Resilient Tucker bounces back again Child woes to injuries, Towson star is survivor

State college preview

November 21, 1996|By Kevin Eck | Kevin Eck,CONTRIBUTING WRITER

For Towson State senior Trinette Tucker, the basketball court was like a fortress. It was a refuge from a troubled home life, a place where she excelled and exuded confidence.

On the court, she felt untouchable.

That all changed in the summer of 1995, however, when Tucker '' broke her right foot in four places after landing awkwardly on concrete during a pickup game.

On the comeback trail several months later -- still limping slightly after surgery on her foot -- Tucker suffered a broken nose after being struck inadvertently by a teammate's elbow during a Towson State practice.

Wearing a protective mask, a determined Tucker forged ahead, only to dislocate her elbow when an opponent landed on her during a scramble for a loose ball.

The injuries took their toll. One year after being named Big South Player of the Year and averaging 19.2 points as a sophomore, Tucker's scoring average fell nearly six points and she was limited to 18 games and only five starts.

It's no wonder Tucker is eager to put last season behind her.

"Everything went right the year before and then last year it was just a horrible experience," said Tucker, a 5-foot-9 forward/guard. "I couldn't understand why this was happening. But I feel great now and I feel I have a lot to prove and a lot to make up for last year."

Gaining respect in the America East (formerly the North Atlantic Conference) is a priority for her. Tucker was a preseason all-conference selection when the Tigers joined the league last year, but she was not on this season's list.

"I don't think they know what I'm capable of because I didn't play at 100 percent last year," Tucker said. "I want to prove to people that I deserve to be on the first team."

Proving that others' opinions of her are wrong has been a motivating force for Tucker throughout her life.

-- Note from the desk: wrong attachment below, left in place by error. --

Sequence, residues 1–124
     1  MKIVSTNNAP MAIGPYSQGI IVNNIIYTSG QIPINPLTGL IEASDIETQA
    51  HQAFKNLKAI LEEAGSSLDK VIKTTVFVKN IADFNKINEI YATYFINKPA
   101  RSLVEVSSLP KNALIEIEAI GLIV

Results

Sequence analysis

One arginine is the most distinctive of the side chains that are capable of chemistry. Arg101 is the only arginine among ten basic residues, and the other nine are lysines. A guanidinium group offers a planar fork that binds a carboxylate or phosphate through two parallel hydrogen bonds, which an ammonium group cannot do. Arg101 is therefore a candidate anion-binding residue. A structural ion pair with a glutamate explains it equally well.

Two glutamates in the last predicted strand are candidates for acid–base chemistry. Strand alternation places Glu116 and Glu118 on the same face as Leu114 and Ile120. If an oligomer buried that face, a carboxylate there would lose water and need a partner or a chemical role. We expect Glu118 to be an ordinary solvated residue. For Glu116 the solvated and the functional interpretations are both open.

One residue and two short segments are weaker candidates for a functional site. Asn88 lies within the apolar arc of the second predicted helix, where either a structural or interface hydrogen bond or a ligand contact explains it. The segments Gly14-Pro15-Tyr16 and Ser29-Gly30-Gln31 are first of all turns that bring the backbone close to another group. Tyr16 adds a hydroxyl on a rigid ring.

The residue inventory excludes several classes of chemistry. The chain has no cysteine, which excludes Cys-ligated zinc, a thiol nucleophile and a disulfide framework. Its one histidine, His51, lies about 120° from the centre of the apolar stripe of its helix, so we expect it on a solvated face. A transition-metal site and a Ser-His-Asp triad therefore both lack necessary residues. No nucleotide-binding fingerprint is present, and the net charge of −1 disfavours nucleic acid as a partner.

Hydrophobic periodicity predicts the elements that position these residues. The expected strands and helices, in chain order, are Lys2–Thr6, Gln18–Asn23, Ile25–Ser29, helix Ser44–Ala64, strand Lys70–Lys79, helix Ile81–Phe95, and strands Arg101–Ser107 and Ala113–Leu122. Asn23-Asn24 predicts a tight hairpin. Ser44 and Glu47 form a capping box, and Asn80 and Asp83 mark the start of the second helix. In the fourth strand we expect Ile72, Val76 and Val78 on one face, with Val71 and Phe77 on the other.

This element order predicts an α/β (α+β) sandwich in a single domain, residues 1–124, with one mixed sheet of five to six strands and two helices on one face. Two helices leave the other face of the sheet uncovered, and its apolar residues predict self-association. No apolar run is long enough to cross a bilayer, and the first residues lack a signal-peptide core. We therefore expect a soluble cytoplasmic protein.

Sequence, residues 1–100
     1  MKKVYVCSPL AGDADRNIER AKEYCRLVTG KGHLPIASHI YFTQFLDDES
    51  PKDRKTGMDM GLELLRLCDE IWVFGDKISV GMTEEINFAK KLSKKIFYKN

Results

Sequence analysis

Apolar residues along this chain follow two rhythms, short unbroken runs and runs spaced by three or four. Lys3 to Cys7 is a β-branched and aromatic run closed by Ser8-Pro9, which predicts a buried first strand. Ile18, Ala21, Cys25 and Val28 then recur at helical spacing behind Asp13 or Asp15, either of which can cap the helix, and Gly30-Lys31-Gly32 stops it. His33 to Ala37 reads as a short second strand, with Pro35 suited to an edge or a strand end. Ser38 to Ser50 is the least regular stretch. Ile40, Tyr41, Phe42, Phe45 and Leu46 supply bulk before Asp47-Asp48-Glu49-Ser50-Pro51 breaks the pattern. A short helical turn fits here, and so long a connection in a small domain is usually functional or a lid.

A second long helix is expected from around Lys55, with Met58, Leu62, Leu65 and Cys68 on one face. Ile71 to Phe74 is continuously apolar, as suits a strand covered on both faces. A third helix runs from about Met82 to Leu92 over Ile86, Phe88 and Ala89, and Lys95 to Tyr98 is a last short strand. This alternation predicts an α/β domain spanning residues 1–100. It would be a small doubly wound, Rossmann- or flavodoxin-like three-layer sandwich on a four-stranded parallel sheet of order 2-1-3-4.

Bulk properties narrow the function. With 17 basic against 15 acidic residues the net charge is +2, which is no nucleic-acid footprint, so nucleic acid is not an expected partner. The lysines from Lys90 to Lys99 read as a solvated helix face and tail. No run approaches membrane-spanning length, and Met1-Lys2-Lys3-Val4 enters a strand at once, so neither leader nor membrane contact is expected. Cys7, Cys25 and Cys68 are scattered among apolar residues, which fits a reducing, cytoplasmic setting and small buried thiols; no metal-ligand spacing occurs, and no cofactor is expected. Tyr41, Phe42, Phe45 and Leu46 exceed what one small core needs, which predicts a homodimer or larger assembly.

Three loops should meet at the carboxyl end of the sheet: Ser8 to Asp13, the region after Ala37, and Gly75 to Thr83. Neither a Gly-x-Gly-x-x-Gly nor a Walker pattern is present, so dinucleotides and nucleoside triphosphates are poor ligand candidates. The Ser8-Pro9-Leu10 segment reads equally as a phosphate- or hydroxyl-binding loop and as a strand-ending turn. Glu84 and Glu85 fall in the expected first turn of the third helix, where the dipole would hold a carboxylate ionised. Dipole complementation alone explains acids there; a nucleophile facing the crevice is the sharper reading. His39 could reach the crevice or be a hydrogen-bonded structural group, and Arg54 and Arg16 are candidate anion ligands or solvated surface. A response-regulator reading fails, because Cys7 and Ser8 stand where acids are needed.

She grew up in Falls Church, Va., in the Bailey's Crossroads area. Tucker was one of the few members of her peer group to make it to college. Most of her childhood female friends either became young mothers, got into drugs or both, she said.

"When I was growing up, I had a lot of people doubt me," said Tucker, a sports management major who is on schedule to graduate in her fifth year. "They didn't think I'd be where I am today. That's just the neighborhood I came from. But I had my heart set on certain things. I was determined."

When Tucker was 13, a Fairfax, Va., court ordered her to be removed from her grandmother's home, where Tucker said drug and alcohol abuse was rampant, and placed in foster care. The people Tucker had thought were her parents were actually her grandparents, and the woman she thought was her sister turned out to be her mother. Her high school coach and assistant coach became her legal guardians.

Having survived that, Tucker wasn't about to let a few broken bones stand in her way.

"I think all of it has made me mature and a tougher individual," Tucker said. "I know that I can recover from things, just believing and seeing that all things are possible."

Tucker, who began playing basketball at age 6 and played only on boys teams until high school, used the sport as an outlet during her childhood. But when she was sidelined with injuries, she realized her accomplishments extended beyond the court.

"I look at certificates and awards and just the little things and it makes me feel good," said Tucker, who hopes to play professionally in the United States or overseas after graduating from Towson State. "But I can do without basketball or anything else just knowing that I've made it."

Tucker likes to spread the word to others that they can make it, too, especially to kids from her old neighborhood.

"I talk to kids that are going through things that I've gone through," she said. "I've experienced a lot, so I can relate to them and talk to them. I'll devote as much time as I can to help people."

She already has done plenty to help the Tigers.

Tucker transferred from Fairfield to Towson State after her freshman season and made an immediate impact, scoring 65 points in her first three games and earning Big South Player of the Week honors. The Tigers, 1-6 before Tucker became eligible, went 14-7 the rest of the way.

She finished as the team leader in scoring and steals (2.4) and was second in rebounds (6.3) and assists (2.4.). Despite her physical problems last season, Tucker still led the Tigers in scoring (13.6) and rebounding (5.2) and set a school and NAC record with seven three-pointers in a game.

"Trinette's become a proficient three-point scorer and she has the ability to post up as well," said Towson State coach Ellen Fitzkee. "She also can handle the ball against pressure and she's a great passer in the post. And she's a tremendous reader in defensive situations and can put a lot of pressure on the ball."

Fitzkee also was impressed with Tucker's competitiveness during last year's injury-riddled season.

"Even when she was only 80 percent, she still wanted to go all the time," Fitzkee said. "To me, that's a leader. That's what she brings to the ballclub. Regardless of how many points she scores or what type of defense she plays, she sets the tone for the rest of the team."

What's next

Coming college basketball previews in The Sun:

Tomorrow: Loyola, UMES

Monday: Coppin State

Tuesday: Maryland

Pub Date: 11/21/96

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